Dish Needs $10 Billion for Wireless, Can’t Sell Spectrum

This week, the Federal Communications Commission started the process to approve the T-Mobile-Sprint merger, Reuters reported on August 14. With that act, the FCC brings Dish Network (DISH) closer to becoming a wireless provider in the United States. Last month, the Justice Department cleared T-Mobile (TMUS) and Sprint (S) to combine their operations on the condition that they sell certain wireless assets to Dish.

Dish founder and chairman Charles Ergen has long desired to diversify into the wireless market. In 2013, Dish attempted to buy Sprint for $25.5 billion. However, Dish’s bid for Sprint failed to produce a deal. A few years later, Dish attempted to purchase T-Mobile. Similarly, its talks with T-Mobile didn’t yield an agreement.

However, the T-Mobile-Sprint merger deal has mostly cleared the way for Dish to realize its goal. As a result, Ergen is purchasing more shares in the company. We believe that Ergen’s purchase of more Dish shares demonstrates his optimism in the company’s wireless prospects.

Dish plans to start selling wireless phone plans immediately after the T-Mobile-Sprint merger closes. Initially, Dish will resell wireless plans on the combined T-Mobile–Sprint network. However, Dish expects to build out its wireless network eventually.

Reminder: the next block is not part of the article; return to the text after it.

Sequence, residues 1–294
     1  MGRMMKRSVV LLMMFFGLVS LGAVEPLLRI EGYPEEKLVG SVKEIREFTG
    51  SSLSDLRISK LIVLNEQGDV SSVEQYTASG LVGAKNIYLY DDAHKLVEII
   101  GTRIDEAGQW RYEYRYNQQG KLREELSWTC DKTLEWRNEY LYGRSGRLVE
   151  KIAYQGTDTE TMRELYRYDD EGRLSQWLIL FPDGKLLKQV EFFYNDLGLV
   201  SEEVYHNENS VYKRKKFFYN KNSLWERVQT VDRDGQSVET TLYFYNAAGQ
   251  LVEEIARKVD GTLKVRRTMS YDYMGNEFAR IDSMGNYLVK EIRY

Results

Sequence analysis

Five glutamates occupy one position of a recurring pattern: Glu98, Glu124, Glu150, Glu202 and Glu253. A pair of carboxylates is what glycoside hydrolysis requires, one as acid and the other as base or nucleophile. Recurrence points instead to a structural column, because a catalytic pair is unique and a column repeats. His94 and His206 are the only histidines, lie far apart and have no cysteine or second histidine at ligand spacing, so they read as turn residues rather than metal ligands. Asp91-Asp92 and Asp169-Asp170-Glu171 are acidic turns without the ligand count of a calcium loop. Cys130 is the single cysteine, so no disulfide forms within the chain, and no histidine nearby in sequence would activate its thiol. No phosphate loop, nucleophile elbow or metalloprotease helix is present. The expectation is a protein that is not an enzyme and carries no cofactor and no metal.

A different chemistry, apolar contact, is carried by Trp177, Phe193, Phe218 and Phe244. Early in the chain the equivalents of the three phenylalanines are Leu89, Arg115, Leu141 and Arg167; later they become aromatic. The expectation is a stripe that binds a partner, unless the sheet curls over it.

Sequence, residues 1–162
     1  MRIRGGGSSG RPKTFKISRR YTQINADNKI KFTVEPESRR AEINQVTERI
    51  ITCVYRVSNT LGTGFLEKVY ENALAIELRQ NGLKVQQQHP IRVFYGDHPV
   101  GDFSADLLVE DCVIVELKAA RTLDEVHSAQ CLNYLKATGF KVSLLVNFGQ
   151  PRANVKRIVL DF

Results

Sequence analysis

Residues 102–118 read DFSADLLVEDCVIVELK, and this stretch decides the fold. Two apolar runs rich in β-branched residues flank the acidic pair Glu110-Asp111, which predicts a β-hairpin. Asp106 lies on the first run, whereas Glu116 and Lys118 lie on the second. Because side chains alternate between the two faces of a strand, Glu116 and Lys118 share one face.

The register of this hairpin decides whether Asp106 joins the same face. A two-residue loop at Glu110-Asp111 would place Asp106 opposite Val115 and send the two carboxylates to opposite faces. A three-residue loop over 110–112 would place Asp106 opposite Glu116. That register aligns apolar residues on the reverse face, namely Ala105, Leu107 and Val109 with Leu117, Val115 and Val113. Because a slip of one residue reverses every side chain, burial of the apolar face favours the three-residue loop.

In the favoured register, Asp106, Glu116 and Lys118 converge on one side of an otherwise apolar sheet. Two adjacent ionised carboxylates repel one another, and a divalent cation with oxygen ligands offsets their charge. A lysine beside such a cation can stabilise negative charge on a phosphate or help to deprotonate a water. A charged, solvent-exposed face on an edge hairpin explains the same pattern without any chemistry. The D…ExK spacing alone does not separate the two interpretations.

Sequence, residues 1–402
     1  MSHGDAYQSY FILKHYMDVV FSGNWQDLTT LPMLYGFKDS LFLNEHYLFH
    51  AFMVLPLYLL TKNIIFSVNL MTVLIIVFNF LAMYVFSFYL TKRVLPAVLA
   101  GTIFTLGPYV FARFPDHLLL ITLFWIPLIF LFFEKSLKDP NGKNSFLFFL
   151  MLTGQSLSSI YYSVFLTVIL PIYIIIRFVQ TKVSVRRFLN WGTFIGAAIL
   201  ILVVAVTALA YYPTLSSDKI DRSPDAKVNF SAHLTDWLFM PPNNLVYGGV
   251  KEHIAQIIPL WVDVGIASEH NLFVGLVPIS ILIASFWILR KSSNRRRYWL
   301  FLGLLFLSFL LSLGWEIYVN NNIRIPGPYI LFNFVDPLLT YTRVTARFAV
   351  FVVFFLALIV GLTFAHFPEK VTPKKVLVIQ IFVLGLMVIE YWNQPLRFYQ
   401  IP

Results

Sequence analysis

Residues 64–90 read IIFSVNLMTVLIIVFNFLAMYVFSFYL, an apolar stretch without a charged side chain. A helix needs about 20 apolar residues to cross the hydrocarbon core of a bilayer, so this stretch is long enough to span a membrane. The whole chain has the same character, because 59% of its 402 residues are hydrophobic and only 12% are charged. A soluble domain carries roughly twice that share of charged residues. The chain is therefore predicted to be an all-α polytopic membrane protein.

FCC wants to see the Dish wireless 5G network up and running by 2022

The agreement that Dish has with the FCC requires it to have its wireless network up and running by the end of 2022. This network should not only be a working 5G network—it should also have meaningful coverage.

By the end of 2022, Dish’s wireless network should reach at least 20% of the US population. At that point, Dish would have to accelerate its 5G network deployment. The FCC agreement requires it to increase the coverage of its 5G network to 70% of the US population by the end of 2023.

Dish already has the spectrum to use for its 5G network rollout—a lot of it. As of last year, Dish’s spectrum portfolio was worth about $20 billion, according to a CNBC report. Wireless providers around the world are in a rush to acquire spectrum for their respective 5G network rollouts.

T-Mobile spent $840 million on its 5G spectrum purchase during the recent government spectrum auction. AT&T (T) and US Cellular (USM) spent over $980 million and $129 million, respectively, on spectrum during that government auction.

Vodafone (VOD) spent 2.4 billion euros to purchase 5G spectrum in Italy last year. Vodafone expects to spend more on 5G spectrum purchases this year.

FCC bars Dish from selling spectrum

However, Dish’s extensive portfolio of 5G spectrum is not enough to make its wireless venture a reality. Dish would require $10 billion to develop its 5G wireless network. However, Dish finished the second quarter with just $1.9 billion in cash reserves. In addition to needing $10 billion for its 5G rollout, Dish also requires $5 billion to purchase wireless assets from T-Mobile and Sprint.

Selling a portion of its spectrum could help Dish raise more money to meet its cash requirements. However, selling spectrum isn’t an option for Dish now. The FCC agreement bars Dish from selling even a portion of its wireless spectrum for at least six years unless it secures relief from the regulator.